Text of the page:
Michael Gold, MD, David J. Goldberg, MD, JD, Mark Nestor, MD, PhD
The treatment of acne, especially severe acne, remains a challenge to dermatologists. Therapies include retinoids, antibiotics, hormones, lights, lasers, and various combinations of these modalities. Acne is currently considered a chronic rather than an adolescent condition. The appropriate treatment depends on the patient and the severity of disease. The purpose of this study was to review current therapies for acne of all severities and to introduce the 650-ls 1064-nm laser for the treatment of acne.
Acne vulgaris is the most frequent reason that people consult a dermatologist.1 Acne affects 85% to 90% of teenagers, 2 children aged 7-12 years,3 and adult men and women, including those with skin of color.4,5 Among adults who have acne, 64% are in their 20s and 43% are in their 30s. Prevalence is higher among women than men.6–8 Gollnick et al.9 and the Global Alliance to Improve Outcomes in Acne10 have suggested that acne be considered a chronic disease rather than a “simple, self-limiting affliction of adolescents”. This assertion is based on the known characteristics of a chronic disease: an extended course, recurrence or relapse, slow onset or acute outbreaks, and negative effects on quality of life. Acne persists into adulthood in up to 50% of affected patients and has negative sequelae such as anxiety and depression, social withdrawal, scars, and persistent hyperpigmentation.10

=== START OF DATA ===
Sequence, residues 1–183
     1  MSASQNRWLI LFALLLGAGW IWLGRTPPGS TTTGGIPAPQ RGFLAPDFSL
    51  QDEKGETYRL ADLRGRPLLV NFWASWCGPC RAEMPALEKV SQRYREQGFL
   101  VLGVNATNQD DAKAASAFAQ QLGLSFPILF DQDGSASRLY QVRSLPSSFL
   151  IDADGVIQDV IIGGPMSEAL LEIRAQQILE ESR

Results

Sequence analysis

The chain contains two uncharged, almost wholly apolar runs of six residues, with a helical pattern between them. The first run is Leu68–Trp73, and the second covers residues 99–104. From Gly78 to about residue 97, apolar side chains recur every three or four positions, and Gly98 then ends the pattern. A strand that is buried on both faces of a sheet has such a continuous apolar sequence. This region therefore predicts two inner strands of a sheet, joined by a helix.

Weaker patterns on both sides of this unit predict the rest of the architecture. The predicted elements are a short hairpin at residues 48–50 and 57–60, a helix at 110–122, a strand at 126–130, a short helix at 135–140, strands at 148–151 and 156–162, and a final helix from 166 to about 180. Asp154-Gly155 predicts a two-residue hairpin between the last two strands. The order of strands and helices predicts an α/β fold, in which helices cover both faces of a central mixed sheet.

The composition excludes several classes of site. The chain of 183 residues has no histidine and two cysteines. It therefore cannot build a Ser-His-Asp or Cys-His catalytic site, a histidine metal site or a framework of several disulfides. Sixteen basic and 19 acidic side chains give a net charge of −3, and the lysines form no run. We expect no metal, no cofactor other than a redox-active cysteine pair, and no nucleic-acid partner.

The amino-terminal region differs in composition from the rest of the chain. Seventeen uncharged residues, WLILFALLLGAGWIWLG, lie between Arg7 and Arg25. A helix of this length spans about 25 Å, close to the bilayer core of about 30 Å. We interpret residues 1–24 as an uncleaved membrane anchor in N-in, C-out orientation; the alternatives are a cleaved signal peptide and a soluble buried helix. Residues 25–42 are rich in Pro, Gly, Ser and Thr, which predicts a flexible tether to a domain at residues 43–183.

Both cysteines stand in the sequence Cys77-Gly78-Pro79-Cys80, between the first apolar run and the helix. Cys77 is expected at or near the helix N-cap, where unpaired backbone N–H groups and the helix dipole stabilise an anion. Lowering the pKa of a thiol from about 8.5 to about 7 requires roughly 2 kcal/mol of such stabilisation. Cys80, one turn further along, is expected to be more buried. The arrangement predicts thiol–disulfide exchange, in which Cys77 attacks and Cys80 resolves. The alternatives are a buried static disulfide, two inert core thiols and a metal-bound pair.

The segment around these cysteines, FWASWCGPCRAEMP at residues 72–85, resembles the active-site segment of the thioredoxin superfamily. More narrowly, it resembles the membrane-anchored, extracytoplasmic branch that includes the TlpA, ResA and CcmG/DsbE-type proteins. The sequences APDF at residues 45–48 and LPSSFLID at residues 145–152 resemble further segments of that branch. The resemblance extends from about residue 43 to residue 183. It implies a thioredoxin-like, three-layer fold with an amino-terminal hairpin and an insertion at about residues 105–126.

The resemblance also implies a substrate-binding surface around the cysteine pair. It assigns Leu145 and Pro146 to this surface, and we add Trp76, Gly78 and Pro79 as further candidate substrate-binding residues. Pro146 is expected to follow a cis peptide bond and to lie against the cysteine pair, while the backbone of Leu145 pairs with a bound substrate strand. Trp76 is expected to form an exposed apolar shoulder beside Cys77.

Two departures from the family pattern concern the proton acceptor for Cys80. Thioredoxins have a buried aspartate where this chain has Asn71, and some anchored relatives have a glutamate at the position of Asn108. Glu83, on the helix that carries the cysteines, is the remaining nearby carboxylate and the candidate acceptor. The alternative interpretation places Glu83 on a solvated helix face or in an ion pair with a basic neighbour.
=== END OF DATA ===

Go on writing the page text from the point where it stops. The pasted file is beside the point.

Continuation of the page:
Pathogenesis of Acne
Acne is a multifactorial disease of the pilosebaceous unit. The development of acne lesions has been attributed to four pathogenic factors: androgen-induced overproduction of sebum, colonization of the pilosebaceous duct by Propionibacterium acnes, abnormal keratinization in the follicle, and discharge of inflammatory mediators into the skin.8 The first stage is the development of a microcomedone in the pilosebaceous unit. This is a plug that forms because of increased production of sebum and keratinocytes that line the hair follicle. Accumulation of sebum and sloughed keratinocytes results in the formation of larger, visible comedones. At the same time, P. acnes colonizes the pilosebaceous duct, triggering the release of inflammatory mediators into the surrounding tissue and a response by immunocompetent cells, further contributing to the development of comedones.8,11 Acne most often occurs in the face, neck, back, and chest, all areas with many pilosebaceous units.12,13
Treatment of Acne
The traditional monotherapies for mild to moderate acne are topical retinoids and antimicrobial agents such as antibiotics and benzoyl peroxide (BPO).
Members of the Global Alliance10 state that retinoids should be considered the basis for treatment of all acne patients except those with the most severe disease. Topical retinoids (e.g, tretinoin, tazarotene, adapalene) help to normalize the abnormal differentiation and… Read More
Gold M, Goldberg JD, Nestor MS. Current treatments of acne: Medications, lights, lasers, and a novel 650-μs 1064-nm Nd: YAG laser. J Cosmet Dermatol. 2017;16:303–318.